Sources: The Library of Congress Country Studies; CIA World Factbook
The chemical sector developed rapidly after World War II and especially after 1965. Before the war, it generated less than 3 percent of total industrial output and its product list was limited to carbon black; hydrochloric and sulfuric acid; soda ash; caustic soda; and a few types of chemical fibers, paints, and lacquers. By the 1980s, the industry produced between 10 and 20 percent of industrial output and accounted for more than 25 percent of export earnings. The petrochemical branch was the heart of the industry, producing about half of total output. The largest petrochemical complexes were built at Ploesti and Pitesti, but numerous smaller production units were scattered across the country. With new plants at Turda, Tîrnaveni in Mures judet, Ocna Mures, and Govora in Vîlcea judet, Romania became the largest producer of sodium- and chlorine-based products in Comecon after the Soviet Union. New sulfuric acid plants were built at Copsa Mica, Victoria in Ialomita judet, and Navodari in Constanta judet.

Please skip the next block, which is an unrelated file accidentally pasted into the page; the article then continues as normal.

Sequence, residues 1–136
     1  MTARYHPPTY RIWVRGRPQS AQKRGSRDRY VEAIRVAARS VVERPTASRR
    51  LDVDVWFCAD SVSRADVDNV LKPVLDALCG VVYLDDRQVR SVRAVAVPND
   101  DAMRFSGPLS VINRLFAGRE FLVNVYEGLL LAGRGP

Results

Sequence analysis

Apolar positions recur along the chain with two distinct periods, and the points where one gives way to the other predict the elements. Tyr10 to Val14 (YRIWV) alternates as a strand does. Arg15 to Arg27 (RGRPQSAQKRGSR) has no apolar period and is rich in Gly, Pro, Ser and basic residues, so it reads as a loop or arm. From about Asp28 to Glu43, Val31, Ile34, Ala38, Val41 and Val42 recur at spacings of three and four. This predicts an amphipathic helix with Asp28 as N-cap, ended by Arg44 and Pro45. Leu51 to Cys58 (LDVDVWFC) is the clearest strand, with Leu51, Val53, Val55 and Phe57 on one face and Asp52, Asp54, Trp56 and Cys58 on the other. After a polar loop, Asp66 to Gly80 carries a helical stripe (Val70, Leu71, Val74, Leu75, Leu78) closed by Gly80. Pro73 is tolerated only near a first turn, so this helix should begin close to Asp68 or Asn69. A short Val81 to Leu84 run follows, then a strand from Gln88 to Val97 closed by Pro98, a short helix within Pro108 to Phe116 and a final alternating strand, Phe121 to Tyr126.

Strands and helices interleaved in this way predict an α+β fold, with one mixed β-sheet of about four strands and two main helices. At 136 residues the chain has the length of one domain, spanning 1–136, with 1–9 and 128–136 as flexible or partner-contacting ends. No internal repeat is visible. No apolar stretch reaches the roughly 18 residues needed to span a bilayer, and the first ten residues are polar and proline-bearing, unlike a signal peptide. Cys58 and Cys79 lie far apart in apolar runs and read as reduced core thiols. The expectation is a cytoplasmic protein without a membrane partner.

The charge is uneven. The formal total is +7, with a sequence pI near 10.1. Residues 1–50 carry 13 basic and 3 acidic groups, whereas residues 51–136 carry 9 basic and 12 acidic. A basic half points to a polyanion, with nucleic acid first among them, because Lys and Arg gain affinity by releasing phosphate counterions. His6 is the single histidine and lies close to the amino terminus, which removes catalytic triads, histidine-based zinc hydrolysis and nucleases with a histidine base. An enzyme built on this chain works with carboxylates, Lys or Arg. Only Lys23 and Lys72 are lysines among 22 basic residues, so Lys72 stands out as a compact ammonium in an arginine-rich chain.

In later years, Romania reduced its emphasis on bulk chemicals and focused on more sophisticated products, such as special plastics, synthetic rubber, chemical fibers, electrodes, pharmaceuticals, dyes, and detergents. The government also gave priority to artificial fertilizers, building plants at Valea Calugareasca in Prahova judet, Fagaras, Tîrnaveni, Navodari, Piatra Neamt, Victoria, Tîrgu Mures, Craiova, Turnu Magurele in Teleorman judet, and Slobozia. The Eighth Five-Year Plan (1986-90) called for doubling the production of agricultural chemicals.
Data as of July 1989
NOTE: The information regarding Romania on this page is re-published from The Library of Congress Country Studies and the CIA World Factbook. No claims are made regarding the accuracy of Romania Chemicals information contained here. All suggestions for corrections of any errors about Romania Chemicals should be addressed to the Library of Congress and the CIA.